In wake of the indictment of 12 Russian agents for allegedly hacking into state election voting systems during the 2016 presidential election, U.S. Sen. Dick Durbin said he is not confident Illinois’ systems are secure heading into the 2018 midterm elections.
Durbin, speaking with reporters outside his Springfield home Sunday afternoon, said he has received assurances from Illinois Board of Elections officials that the state is taking steps to prevent future attacks. But, he said, Congress is not devoting enough resources to help states tackle the problem.
“I hope they’re right,” Durbin said. “But we know that the Russians and others are working night and day to break into all systems. And so I can’t say with any confidence that our election process is going to be intact, secure and I don’t believe we put enough resources into investigating what happened two years ago and making certain that it never happens again.”
At a Statehouse news conference on Friday, BOE spokesman Matt Dietrich said that while the indictment did not mention Illinois by name, state officials assume that its reference to the 2016 hacking of a state elections website refers to Illinois. The indictment merely refers to “SBOE 1” as the state elections board hacked by the Russians.
“We think it’s very likely that we are SBOE 1,” Dietrich said. “We have not received any confirmation from the Department of Justice on that. But based on the circumstances described in the indictment, we think it’s pretty likely that that’s us.”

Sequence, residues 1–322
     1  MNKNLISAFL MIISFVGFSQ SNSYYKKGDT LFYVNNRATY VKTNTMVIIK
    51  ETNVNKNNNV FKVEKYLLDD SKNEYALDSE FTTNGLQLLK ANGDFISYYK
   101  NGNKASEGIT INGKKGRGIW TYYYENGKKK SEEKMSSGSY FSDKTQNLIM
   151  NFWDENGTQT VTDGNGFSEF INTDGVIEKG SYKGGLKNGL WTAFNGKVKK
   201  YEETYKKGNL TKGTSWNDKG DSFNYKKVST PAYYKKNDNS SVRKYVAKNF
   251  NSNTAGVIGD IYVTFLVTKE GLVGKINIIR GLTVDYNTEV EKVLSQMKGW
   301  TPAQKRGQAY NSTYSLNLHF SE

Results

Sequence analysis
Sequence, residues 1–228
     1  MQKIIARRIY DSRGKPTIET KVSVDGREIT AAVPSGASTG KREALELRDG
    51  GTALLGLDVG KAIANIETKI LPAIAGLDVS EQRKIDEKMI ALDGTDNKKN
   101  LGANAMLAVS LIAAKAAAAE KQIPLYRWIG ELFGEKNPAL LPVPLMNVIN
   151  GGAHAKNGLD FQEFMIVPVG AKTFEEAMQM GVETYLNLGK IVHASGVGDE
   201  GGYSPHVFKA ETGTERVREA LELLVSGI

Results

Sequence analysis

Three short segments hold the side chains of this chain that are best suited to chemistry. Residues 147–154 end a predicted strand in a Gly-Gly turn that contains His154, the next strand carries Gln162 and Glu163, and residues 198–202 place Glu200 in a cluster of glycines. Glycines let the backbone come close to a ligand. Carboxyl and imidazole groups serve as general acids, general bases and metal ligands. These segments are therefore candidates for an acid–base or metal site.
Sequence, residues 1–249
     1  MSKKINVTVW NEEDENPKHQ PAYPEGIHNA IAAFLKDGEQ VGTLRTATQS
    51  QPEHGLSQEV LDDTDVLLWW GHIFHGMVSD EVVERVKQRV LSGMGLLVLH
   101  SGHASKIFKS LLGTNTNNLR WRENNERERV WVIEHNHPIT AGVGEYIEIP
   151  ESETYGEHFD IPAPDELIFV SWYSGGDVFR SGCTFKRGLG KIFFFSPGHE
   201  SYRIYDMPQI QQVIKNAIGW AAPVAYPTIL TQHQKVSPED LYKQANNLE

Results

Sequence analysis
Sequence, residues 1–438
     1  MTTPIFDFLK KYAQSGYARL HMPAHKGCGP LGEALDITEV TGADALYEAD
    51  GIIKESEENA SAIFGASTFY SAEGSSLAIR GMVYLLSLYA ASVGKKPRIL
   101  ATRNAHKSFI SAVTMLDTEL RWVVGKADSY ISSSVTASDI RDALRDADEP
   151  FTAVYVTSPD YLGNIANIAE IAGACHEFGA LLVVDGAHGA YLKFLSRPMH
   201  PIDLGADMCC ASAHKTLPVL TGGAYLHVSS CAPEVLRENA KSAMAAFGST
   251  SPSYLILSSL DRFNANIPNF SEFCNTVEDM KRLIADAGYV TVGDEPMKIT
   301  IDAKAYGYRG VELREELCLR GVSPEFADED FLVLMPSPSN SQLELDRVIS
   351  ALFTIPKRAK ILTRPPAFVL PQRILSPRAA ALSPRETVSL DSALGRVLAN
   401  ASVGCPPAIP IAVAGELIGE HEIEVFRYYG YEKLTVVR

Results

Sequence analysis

Since the incident was discovered by BOE staff in July 2016, Dietrich said new firewall hardware and software has been installed at the Board of Elections. The board also has staff now who are focused solely on cyber security issues. The new state budget also contains $13.2 million in federal funding for improvements to voting systems.
At the congressional level, Durbin said lawmakers are taking steps to prevent voter systems from being penetrated again, but that it “just doesn’t reflect a serious undertaking to protect our systems.”
Durbin said “denial” of Russia’s role in the 2016 election by the Trump administration has been a roadblock. He said that efforts to maintain the integrity of the country’s voting systems should be a separate issue from whether hacking helped Trump win.
“I don’t connect the two,” Durbin said. “Let’s keep our election system intact and secure so that people have confidence in the outcome.”